Nobody likes delayed shipments. They frustrate customers who, in turn, take those frustrations out on business owners. With global eCommerce sales reaching $4.28 trillion (USD) in 2020, online shopping and parcel delivery are as prevalent as they’ve ever been.
The United States Postal Service (USPS) has been one of the least expensive carrier options for online sellers for many years. USPS has traditionally been slower than alternatives like FedEx and UPS. During the pandemic, shipping times with USPS got even longer, adding another burden to business owners.
How delayed shipments impact eCommerce
For eCommerce business owners, delayed shipments can be detrimental. Those who take part in the Seller Fulfilled Prime (SFP) program on Amazon are at the mercy of Amazon’s algorithms when it comes to making sales on the platform. Complaints of late shipments and negative reviews can hurt sellers’ SFP standing, lead to order cancellations, and tank their sales.
Customers are less likely to return to your online store if their purchase arrives late, and acquiring new customers typically costs more than retaining existing ones. Late shipments from USPS can hurt your bottom line.
What causes delays with USPS, and how can your business handle them?
Reasons USPS shipments are late
1. Delivery guarantees vs estimates
When USPS gives you a delivery time, it’s an estimate, not a guarantee. Unless you use Priority Mail Express, you cannot get a refund for a missed delivery window.
At the end of the year, around Christmas and New Year’s, online sales skyrocket. As a result, more businesses are trying to ship products. The overload puts pressure on USPS capacity, which causes delays.
Severe winter storms, floods, power outages, and other natural disasters are unpredictable, and one of the biggest reasons behind shipment delays.
4. COVID-19 related delays
The COVID-19 pandemic saw a major spike in online shopping, coupled with thousands of USPS employees contracting the virus and being unable to work. Both factors contributed to major delays in 2020 and these delays will likely continue.
If you’re shipping internationally, your products will have to pass through customs — and they can hold your shipments as long as you don’t have the right paperwork. All carriers who ship internationally are subject to customs requirements, but some carriers are better at handling it than others. If you work with a customs broker, you can eliminate some of the issues that crop up when moving your goods across borders.
6. Incorrect address
It’s possible the customer misspells their address or you don’t correctly record it from their order. Either way, an incorrect address is one of the top reasons for delayed shipments with USPS.
How to handle delays on USPS shipments
To avoid delays with your shipments, try these tips.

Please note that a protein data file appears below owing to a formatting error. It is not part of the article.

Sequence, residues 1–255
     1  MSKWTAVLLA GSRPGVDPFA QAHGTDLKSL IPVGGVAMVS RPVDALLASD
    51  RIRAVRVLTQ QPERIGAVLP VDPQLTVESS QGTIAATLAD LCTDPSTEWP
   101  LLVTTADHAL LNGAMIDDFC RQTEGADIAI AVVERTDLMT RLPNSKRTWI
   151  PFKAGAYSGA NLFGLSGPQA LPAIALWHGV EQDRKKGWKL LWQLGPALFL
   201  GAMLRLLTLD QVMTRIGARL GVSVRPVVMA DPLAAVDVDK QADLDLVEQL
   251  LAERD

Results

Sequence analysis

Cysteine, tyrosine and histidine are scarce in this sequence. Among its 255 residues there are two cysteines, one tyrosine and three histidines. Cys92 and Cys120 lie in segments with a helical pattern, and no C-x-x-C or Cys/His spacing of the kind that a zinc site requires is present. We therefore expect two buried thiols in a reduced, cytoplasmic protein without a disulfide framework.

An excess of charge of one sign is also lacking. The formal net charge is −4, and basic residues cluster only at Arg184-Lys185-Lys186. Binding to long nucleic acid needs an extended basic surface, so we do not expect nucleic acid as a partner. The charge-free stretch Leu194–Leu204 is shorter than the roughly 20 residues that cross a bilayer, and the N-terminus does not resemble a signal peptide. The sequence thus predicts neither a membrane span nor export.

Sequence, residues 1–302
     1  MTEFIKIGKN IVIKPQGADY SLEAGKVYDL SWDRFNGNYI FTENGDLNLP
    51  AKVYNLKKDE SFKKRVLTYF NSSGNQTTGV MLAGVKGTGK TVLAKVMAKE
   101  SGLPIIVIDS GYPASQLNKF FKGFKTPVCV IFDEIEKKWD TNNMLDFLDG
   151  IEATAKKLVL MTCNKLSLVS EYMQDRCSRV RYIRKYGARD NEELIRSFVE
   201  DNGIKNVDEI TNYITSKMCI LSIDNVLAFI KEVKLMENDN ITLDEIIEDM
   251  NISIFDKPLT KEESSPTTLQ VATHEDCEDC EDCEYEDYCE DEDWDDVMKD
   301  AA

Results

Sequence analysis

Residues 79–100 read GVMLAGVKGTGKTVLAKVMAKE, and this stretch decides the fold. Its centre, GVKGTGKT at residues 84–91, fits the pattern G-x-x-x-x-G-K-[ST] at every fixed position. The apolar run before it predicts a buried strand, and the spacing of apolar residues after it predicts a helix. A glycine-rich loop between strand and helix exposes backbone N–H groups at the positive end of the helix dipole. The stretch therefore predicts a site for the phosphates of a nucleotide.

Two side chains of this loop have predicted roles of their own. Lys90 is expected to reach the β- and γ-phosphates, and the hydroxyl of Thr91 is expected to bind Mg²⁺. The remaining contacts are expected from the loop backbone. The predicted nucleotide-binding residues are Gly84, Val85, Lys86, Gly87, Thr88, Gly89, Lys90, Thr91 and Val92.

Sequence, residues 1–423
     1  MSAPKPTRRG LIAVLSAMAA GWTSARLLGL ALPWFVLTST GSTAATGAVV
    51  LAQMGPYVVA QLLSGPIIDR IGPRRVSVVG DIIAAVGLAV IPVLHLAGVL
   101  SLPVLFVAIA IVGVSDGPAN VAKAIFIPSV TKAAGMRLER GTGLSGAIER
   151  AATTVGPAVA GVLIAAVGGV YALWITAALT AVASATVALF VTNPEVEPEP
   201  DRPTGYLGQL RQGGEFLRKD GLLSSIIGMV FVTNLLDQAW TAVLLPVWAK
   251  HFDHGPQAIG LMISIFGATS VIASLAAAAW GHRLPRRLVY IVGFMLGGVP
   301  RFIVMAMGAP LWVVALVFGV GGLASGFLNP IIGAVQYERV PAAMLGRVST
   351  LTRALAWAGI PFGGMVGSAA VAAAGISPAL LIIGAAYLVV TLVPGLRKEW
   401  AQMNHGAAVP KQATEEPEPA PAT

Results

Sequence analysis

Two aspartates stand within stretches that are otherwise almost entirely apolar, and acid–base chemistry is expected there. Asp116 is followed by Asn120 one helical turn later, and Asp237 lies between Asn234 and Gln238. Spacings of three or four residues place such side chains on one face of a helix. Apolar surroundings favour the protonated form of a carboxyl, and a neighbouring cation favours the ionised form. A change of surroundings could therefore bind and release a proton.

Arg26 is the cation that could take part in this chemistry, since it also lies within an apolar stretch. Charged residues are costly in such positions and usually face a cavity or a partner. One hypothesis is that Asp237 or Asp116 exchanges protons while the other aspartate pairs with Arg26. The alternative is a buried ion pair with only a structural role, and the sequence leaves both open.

1. Audit products and shipping materials
You can’t control every USPS delay, but there are some you can. Ensure you have the correct sizes and weights recorded for your most popular products, so you don’t lose any time shipping them. Providing exact numbers also avoids potential delays with USPS.
2. Extend delivery times
One way to avoid unhappy customers is to extend the expected delivery times for items in your online shop. You can better manage your customers’ expectations this way. You do run the risk customers won’t purchase your items because your delivery times are too long, so it’s important to find a balance.
3. Offer free delivery
Another way to manage customer expectations is to offer free delivery if you can afford it. If a customer doesn’t have to pay extra shipping costs for a purchase, they’re much less likely to be frustrated if the package arrives late.
4. Be honest with your customers
When you encounter delays, the worst thing you can do is lie and try to cover it up. When a customer contacts you about a delayed shipment, always respond promptly and with as many details as possible. Also, try to offer a way to make it up to them, with a discount on their next purchase or a partial refund.
5. Use the USPS SCAN form
A SCAN form allows you to send a group of shipments with the same master barcode. When a USPS employee picks up the packages, they can scan them all into the system at once, rather than individually. It also allows the sender and recipient to start tracking the package(s) right away.
6. Negotiate with a new carrier
For many businesses, switching from USPS to a new carrier is the smartest move, even if other carriers charge higher rates. If you do switch to FedEx, UPS, or another carrier, do some research beforehand. Each carrier has different tiers of service that might meet your specific needs. You should also contact carriers and ask for rates, and try to negotiate a lower one.
7. Work with domestic suppliers
If your business is situated outside the U.S. but you import goods there, consider working with U.S.-based suppliers. You’ll face fewer restrictions in moving your products to your customers, and it will reduce delays.
8. Let customers track their shipments
You may not be able to physically speed up shipments, but you can give customers tracking numbers or invest in a tracking application. Your customers might be more amenable to late shipments if they can get updates on their packages in real-time.
Running a business comes with a lot of obstacles. Border Buddy makes sure importing and exporting isn’t one of them. Ready to talk about our customs brokerage solutions for your business? Contact us today.